(Every dollar donated toward these projects helps move them forward!)

  1. Buy a third breeding cow for milk ($1350), 3-5 goats for breeding, meat and milk (@ $315/each or $1575) and expand the farming operation with a more effective automatic irrigation system ($455)
  2. Pay the down payment on the house, due by June. ($6000)
  3. Expand our educational donations, paying school costs for the coming year for all seven children, which totals $11,500 for the coming year (as little as $93/month keeps a child in school for the year!). The four youngest are all on a tri-semester schedule, while the three oldest will be on a two-semester “university” schedule, starting in May. (Four primary/secondary students: $1160/semester; $3500 for the year. Three university students: $4000/semester total; $8000 for the year). As the children are getting older, and move into secondary school and university, their tuition has risen. In addition, Pastor Evans, who has worked hard over the years to keep the Church at Bukokholo, as well as securing and maintaining our hospital property, has two sons we would like to help get through high school, too.
  4. Get Naomi ready for the NCLEX-RX in London ($2000) so she can come to the U.S. to work for 1-2 years (which will give the family 7-10 years’ worth of income!).


Our first large project is an immediate desire for this year. Here is our wish list for large projects.

We welcome monthly and one-time specific donations, legacy contributions, and low interest impact loans for larger projects.

For details on how you can include The Village Gathering in your estate planning, or how to make a low-interest, high-impact loan, call 720-539-6098 or email revpaula@thevillagegathering.com.

  1. Have 10 paid travelers on our service-safari trip July 22-30, 2019. $5045/per person, double occupancy; includes non-stop flight from JFK Airport in NYC.
  2. Purchase the 4-acre homestead with the house (with electric and running water) borehole, and land (The first payment is due by June 2019, so now is the time to start building our Housing Fund). Purchase price is $60,000 outright, or roughly $8,600/year for 7 years.)
  3. Buy a van suitable for 9+ passengers so the whole family can travel together. ($17,000)
  4. Create a solar-powered internet café and charging station in Kitale that will double as a computer training center for area families and students (roughly $35,000)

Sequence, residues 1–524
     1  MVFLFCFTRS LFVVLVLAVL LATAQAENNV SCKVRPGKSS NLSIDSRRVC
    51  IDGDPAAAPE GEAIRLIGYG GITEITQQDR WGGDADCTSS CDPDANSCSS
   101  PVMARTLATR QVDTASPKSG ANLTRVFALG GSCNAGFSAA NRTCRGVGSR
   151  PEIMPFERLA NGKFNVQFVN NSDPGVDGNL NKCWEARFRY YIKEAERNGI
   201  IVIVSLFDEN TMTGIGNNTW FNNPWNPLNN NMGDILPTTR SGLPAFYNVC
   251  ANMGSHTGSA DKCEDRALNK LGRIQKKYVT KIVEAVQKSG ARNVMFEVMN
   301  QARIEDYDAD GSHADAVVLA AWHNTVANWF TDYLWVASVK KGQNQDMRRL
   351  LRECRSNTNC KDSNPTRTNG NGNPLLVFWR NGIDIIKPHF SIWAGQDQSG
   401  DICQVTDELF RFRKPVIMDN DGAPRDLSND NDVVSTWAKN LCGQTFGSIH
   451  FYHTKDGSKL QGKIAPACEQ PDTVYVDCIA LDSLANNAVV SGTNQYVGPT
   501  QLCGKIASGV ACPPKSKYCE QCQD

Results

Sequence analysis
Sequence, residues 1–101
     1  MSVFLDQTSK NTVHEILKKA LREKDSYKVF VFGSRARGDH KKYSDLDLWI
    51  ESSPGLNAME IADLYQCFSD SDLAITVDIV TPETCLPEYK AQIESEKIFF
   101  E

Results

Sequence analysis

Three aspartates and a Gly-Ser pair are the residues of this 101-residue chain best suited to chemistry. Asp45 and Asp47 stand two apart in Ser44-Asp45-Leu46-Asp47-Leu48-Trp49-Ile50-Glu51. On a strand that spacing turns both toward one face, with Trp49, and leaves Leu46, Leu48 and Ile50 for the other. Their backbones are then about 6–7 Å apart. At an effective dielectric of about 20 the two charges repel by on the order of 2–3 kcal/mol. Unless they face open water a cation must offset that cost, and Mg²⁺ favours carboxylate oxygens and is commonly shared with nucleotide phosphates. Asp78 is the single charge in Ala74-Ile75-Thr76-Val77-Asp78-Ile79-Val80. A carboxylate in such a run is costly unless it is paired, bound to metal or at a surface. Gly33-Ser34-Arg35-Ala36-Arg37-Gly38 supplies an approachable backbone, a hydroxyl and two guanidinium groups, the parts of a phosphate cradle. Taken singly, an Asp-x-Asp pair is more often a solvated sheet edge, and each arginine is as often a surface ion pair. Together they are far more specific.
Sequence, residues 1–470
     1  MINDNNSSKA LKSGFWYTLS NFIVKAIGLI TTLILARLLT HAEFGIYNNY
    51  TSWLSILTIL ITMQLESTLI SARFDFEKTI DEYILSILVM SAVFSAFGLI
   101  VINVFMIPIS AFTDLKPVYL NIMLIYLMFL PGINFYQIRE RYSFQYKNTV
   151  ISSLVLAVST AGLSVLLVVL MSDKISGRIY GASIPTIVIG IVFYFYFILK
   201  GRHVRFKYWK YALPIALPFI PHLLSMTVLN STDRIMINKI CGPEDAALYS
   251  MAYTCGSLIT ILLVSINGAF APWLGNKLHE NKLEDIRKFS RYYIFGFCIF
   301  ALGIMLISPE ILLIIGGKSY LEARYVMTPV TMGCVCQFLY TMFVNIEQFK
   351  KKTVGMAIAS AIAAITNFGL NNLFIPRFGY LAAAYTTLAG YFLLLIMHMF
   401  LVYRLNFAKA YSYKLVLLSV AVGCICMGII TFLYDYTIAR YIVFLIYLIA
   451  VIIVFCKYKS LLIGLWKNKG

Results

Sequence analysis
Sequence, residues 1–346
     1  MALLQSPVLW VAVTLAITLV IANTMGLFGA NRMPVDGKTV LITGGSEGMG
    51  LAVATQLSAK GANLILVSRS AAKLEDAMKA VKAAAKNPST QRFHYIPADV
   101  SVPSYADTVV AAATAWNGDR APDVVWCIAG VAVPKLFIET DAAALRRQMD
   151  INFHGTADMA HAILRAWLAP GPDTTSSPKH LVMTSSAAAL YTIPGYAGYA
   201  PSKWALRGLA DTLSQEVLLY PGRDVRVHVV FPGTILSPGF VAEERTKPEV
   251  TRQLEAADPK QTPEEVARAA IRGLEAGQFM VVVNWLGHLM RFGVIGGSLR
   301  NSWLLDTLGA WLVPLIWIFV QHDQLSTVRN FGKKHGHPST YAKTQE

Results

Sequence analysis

5. Finish and open the girls’ school with an endowment for scholarships for deserving students from low-income families ($100,000)
  6. Finish, staff and open the Bungoma community hospital ($50,000)


ALL DONATIONS ARE TAX-DEDUCTIBLE– including recurring ones AND legacy gifts! Donations can be made directly to The Village Gathering through the “bitly” PayPal link at the bottom of this letter, wire transfer, Venmo or via old-fashioned snail mail at: The Village Gathering, PO Box 7530, Denver, CO 80207

DONATE YOUR MILES! We also welcome donation of frequent flyer miles that can be used on British Airways/American; KLM/Delta or Lufthansa/United. This helps us travel to Kenya, and will offset the cost of transporting Naomi to London and to the U.S.

I am so blessed and so grateful to have you as part of the Gathering Family. With your continued support, we’ll soon be able to bring clean water, health care and advanced schooling to more women and children of Kenya. Thanks to you, we are helping reduce the incidence of child brides and increase the economic stability and independence of this young democracy. You ARE changing the world, with every penny, shilling, shekel and rupee you give!

As Pastor George would say, “Karibu Nyumbani Dada Yangu” (Nearly home, my sister!)

All my love,
Rev. Paula Langguth Ryan

Please know your 100% tax-deductible gift is gratefully received. Thank you for sharing our passion with others. We are humbled to have fed your spirit and we thank you for feeding so many others with your prayers and support! Whenever guided, you can conveniently donate online! Simply visit our PayPal link (button below) and press the “Donate” button. Thank you!